with Gill Storey
This last week I have been working very hard in our potager, trying to catch up with the delays caused by the weather in spring. As I was toiling, a few lines kept coming into my mind, and I thought this would be a good poem to pass on.
When we were young we generally read some of Aesop’s Fables: The Fox and the Grapes and The Hare and the Tortoise are familiar to most of us. However, the versions we have are merely retellings of the original Greek stories, given to children to read because of the lessons given in them – patience reaches goals, or slowly wins the race.
The French were much luckier. One of their great writers, Jean de La Fontaine, produced French versions of fables, in verse and with illustrations. There are twelve volumes, with stories such as The Ant and the Grasshopper, told with elegance, wit and verve, in simple French which is usually easy to understand today. Each teaches a lesson about our relationships with society.
In Le Laboureur et ses Enfants the obvious lesson is there, but there are many more inferences to draw from the poem.
Unusually, this poem puts the moral first, whereas the conclusion usually finishes the poem off in a neat couplet, as another comment does here. The poem can be taken on a literal level, or one can interpret it as a call to family cooperation and teamwork, to continuity or to the value of cultivating one’s skills and abilities, to the development of culture, or even, as one commentator does, as a recommendation to garden organically. La Fontaine seems simple but is profound.
Le Laboureur et ses Enfants (Vol 5 Fable 9)
“Travaillez, prenez de la peine :
C’est le fonds qui manque le moins”.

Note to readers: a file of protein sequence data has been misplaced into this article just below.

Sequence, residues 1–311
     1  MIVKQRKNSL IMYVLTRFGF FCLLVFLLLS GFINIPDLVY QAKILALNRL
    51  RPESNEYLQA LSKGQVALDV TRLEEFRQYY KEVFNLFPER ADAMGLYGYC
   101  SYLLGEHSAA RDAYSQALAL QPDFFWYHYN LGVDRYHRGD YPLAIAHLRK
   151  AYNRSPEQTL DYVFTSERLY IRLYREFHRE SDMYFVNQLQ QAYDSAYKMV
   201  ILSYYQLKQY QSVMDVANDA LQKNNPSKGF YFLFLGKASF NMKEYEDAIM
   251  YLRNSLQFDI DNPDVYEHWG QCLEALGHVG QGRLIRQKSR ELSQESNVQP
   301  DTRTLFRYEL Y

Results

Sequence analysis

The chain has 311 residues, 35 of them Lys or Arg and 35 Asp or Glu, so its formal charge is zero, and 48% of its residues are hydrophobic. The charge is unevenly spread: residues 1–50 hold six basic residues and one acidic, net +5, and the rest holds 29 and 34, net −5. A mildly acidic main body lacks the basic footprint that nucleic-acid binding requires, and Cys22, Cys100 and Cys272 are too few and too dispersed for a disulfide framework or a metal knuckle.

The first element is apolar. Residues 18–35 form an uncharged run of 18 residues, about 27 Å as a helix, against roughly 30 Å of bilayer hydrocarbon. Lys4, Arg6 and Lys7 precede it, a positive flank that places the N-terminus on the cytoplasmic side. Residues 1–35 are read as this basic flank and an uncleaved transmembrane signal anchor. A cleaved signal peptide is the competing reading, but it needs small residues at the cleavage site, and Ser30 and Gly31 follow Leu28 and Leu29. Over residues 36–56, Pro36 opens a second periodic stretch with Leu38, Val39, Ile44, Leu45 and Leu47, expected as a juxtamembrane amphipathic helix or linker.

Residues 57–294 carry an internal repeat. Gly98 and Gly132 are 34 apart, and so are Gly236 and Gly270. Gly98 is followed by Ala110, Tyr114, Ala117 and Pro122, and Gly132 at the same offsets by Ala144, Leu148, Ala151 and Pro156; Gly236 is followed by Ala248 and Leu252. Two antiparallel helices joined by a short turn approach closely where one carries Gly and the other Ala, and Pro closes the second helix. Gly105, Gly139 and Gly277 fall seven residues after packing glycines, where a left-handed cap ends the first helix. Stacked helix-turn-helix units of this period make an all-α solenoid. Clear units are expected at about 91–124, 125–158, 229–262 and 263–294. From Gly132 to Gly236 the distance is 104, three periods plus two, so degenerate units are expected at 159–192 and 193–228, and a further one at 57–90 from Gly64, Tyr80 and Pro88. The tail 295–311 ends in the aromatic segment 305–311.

Un riche Laboureur, sentant sa mort prochaine,
Fit venir ses enfants, leur parla sans témoins.
Gardez-vous, leur dit-il, de vendre l’héritage
Que nous ont laissé nos parents.
Un trésor est caché dedans.
Je ne sais pas l’endroit ; mais un peu de courage
Vous le fera trouver, vous en viendrez à bout.
Remuez votre champ dès qu’on aura fait l’Oût.
Creusez, fouillez, bêchez ; ne laissez nulle place
Où la main ne passe et repasse.
Le père mort, les fils vous retournent le champ
Deçà, delà, partout ; si bien qu’au bout de l’an
Il en rapporta davantage.
D’argent, point de caché. Mais le père fut sage
De leur montrer avant sa mort
Que le travail est un trésor.
(Le Laboureur is not a farm labourer in English terms, but is better compared to a yeoman farmer, owning his land and well to do, but neither gentry nor rich)
“Work, take pains,
It is the capital least likely to default.
A rich farmer, feeling his death approach,
Called his children to him, and spoke without witnesses:
Beware, he said, of selling the heritage
Which our parents left to us.
A treasure is hidden there,
I am not sure in which place, but a little courage
Will help you find it, you will get to it at last.
Turn over your field when the August harvest is over,.
Clear out, rake over, and dig, leave no spot
Where hands have not passed and repassed.
When the father died, the sons went back to the field,
Hither and thither, everywhere, so well that at the end of the year
They had earned more money,
But found none hidden. But the father was wise
To show them, before his death,
That work itself is a treasure.
Jean de la Fontaine (1621-1695) is described as ‘ the purest French “classical “poet, apart from Racine ‘. In his day he was not considered a children’s writer. Nowadays he is remembered mainly for the 12 volumes of the Fables, but he wrote over a wide range, from humour to the Dies Irae and his Epitaph for Molière, which links him to the great Latin authors, Terence and Plautus. He had an interesting and varied life, moving in the main literary circles of the Paris of his day.
Click here to find out more about la Fontaine.
Jean La Fontaine, French Poet and Fabulist – Ghirlandajo, 17th-C Portrait,
© 2011 Gill Storey